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evenly, and this he does on repeat. Sigh sigh sigh. Sigh sigh. Sigh. You’re gonna make a whirlpool, I snap. Believe me sweet sister, he says, his voice a mere wafer of its potential, the whirlpool’s already in motion. He does a gurgle in his throat, the sound of a drain. In a few weeks I can’t locate him. Gone from his rock’s shelf is his costuming, the eyelash pair I made from a catfish’s whiskers, the purple mohawk from a dead urchin’s spines. My first brother has returned to land. When my mother and I meet again I don’t know it until she’s crawled inside my mouth to eat away my tongue. I’ve laid my own eggs by then, many of them. I’ve left children to fend and thrive for themselves, not a speck of me in the way, barely a glance before evacuation. This is my gift: freedom. In her old age my mother has grown from her parasitic pinhead size into a bug, this hard-backed thing, tiny black eyes and a miniature shark mouth. What are you doing? I garble around her ridged shell. This is my mouth! You have no business in it. I was doing just fine before, before you came along. Shush, is all she says back. Hush. I’m here girly girl, mama’s here. She continues to devour the muscle until nothing remains but her, grown large to replace and fill in the hole. You need to leave now, I moan. The only way to speak is via her; she is my tongue.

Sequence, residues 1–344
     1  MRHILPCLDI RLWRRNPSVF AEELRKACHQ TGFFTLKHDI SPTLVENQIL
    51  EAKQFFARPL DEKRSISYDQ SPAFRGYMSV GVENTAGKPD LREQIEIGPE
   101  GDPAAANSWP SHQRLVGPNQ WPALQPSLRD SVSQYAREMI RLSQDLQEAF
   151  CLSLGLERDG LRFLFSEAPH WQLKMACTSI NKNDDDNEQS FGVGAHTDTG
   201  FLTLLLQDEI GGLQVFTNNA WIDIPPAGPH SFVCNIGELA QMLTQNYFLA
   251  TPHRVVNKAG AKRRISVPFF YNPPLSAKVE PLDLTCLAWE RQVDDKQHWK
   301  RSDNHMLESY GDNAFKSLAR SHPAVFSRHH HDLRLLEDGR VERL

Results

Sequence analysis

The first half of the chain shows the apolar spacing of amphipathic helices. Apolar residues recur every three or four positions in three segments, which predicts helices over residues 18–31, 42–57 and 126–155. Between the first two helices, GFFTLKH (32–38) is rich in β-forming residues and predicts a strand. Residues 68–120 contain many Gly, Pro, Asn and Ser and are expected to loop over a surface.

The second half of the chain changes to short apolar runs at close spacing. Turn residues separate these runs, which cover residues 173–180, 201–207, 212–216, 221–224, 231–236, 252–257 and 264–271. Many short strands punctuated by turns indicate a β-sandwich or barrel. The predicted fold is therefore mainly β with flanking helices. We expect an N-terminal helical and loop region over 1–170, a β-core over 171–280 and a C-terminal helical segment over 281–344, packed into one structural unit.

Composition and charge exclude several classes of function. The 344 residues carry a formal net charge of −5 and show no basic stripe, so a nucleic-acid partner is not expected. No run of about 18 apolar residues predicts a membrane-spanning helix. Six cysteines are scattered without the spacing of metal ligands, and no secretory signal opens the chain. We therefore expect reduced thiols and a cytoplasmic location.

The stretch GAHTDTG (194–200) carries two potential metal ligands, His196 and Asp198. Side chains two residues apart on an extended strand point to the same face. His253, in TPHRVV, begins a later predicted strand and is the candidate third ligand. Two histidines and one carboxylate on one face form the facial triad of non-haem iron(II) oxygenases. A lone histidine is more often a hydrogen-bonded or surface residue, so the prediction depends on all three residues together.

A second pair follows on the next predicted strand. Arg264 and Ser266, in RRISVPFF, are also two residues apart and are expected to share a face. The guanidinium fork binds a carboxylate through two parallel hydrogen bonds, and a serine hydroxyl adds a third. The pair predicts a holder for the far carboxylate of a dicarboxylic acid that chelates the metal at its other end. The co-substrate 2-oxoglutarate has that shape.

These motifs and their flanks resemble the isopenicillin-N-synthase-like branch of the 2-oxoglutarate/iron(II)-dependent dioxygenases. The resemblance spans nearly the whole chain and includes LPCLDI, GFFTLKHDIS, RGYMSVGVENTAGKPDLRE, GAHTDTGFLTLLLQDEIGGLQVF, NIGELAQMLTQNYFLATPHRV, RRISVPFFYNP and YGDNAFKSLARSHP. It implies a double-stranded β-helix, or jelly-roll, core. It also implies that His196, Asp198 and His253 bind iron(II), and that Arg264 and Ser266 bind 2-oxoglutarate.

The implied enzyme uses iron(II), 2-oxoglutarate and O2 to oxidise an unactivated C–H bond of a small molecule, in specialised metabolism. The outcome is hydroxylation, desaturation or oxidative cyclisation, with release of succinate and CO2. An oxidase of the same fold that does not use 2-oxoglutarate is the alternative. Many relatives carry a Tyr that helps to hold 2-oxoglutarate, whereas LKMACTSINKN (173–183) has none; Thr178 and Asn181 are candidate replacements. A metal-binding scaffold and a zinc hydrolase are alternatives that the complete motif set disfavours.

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For words to materialize I must use her to shape them, to bang them into existence against the backs of all my teeth. In her more gracious moments, she’ll allow me to finish. I say: This isn’t fair. I’m no baby anymore. You’re not the boss of me. Taking her time, she replies: Years have done nothing for your manners. I never should’ve left you. See what you’ve become? Indiscriminately I whine, and in response she shakes, chiding my jelly ignorance. What, she asks. Let you stay like this forever? No. It’s my duty, as a mother, to help you succeed. To be all you can be. This, she quivers, tickling beneath my nostrils, this—isn’t enough. You have so far to go. You have too much potential. Though she calls me intractable, difficult, once a cunt, we mostly get along. I’m able to do all I’ve ever done. She steals a small percentage of my food, which I don’t think is fair, but we don’t discuss it; I’m still, under the circumstances, healthy. Together we dream of my father, her husband, and each time he’s only grown younger, more of a dart, finally simple streaks of light through the cooler, dimmer depths. I always knew there was something about him, my mother says, waking me up. She sighs. I just had no idea it was this. I feel so old, seeing him. Used up. I think, I mumble, I’m the one getting use— I just, my mother interrupts, I’m feeling mortal.